Vin Fiz

The Vin Fiz Company, a division of Armour Meat Packing Plant of Chicago, recruited Quimby as the spokesperson for the new grape soda, Vin Fiz, after the death of Calbraith Perry Rodgers in April 1912. Her distinctive purple aviator uniform and image graced many of the advertising pieces of the day.[7]

English Channel flight

On April 16, 1912, Quimby took off from Dover, England, en route to Calais, France, and made the flight in 59 minutes, landing about 25 miles (40 km) from Calais on a beach in Équihen-Plage, Pas-de-Calais. She became the first woman to pilot an aircraft across the English Channel.[8] Her accomplishment received little media attention, however, as the sinking of the RMS Titanic the day before consumed the interest of the public and filled newspapers.[9]


Portrait of Matilde Moisant (left) and Harriet Quimby (right) Circa 1911-1912
Harriet Quimby and Matilde Moisant, circa 1911–12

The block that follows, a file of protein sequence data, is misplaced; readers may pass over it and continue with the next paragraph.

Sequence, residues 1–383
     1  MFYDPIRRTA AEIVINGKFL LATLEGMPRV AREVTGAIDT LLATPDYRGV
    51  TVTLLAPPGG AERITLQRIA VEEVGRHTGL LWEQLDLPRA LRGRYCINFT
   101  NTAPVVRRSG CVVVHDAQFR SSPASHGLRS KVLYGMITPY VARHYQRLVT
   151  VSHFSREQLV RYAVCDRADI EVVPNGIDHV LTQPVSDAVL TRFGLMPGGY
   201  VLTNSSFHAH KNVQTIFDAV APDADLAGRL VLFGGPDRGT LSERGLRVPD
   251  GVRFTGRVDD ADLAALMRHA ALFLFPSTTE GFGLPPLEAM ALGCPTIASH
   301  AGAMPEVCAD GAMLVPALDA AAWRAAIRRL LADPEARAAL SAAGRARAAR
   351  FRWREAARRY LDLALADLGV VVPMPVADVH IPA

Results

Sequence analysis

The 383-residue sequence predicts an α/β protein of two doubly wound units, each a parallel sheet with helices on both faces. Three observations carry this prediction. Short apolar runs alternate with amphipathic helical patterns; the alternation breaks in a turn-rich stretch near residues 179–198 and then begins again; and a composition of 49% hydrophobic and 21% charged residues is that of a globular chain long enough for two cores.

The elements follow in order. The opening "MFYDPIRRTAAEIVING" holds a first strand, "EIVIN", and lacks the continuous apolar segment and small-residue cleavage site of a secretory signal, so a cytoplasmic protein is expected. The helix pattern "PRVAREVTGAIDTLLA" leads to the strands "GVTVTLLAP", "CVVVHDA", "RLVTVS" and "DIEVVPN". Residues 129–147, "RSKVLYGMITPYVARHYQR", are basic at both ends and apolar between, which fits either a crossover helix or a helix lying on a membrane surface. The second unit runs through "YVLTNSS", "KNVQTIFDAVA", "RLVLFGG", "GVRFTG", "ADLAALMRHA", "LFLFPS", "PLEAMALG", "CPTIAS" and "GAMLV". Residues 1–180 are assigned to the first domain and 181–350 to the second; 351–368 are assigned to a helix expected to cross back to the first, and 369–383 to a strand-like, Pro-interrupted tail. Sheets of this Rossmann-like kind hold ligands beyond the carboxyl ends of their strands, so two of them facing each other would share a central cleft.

On July 1, 1912, she flew in the Third Annual Boston Aviation Meet at Squantum, Massachusetts.[1] Although she had obtained her ACA certificate to be allowed to participate in ACA events, the Boston meet was an unsanctioned contest. Quimby flew out to Boston Light in Boston Harbor at about 3,000 feet, then returned and circled the airfield.[10] William A.P. Willard, the organizer of the event and father of the aviator Charles Willard, was a passenger in her brand-new two-seat Bleriot monoplane. At an altitude of 1,000 feet (300 m) the aircraft unexpectedly pitched forward for reasons still unknown. Both Willard and Quimby were ejected from their seats and fell to their deaths, while the plane "glided down and lodged itself in the mud".[4]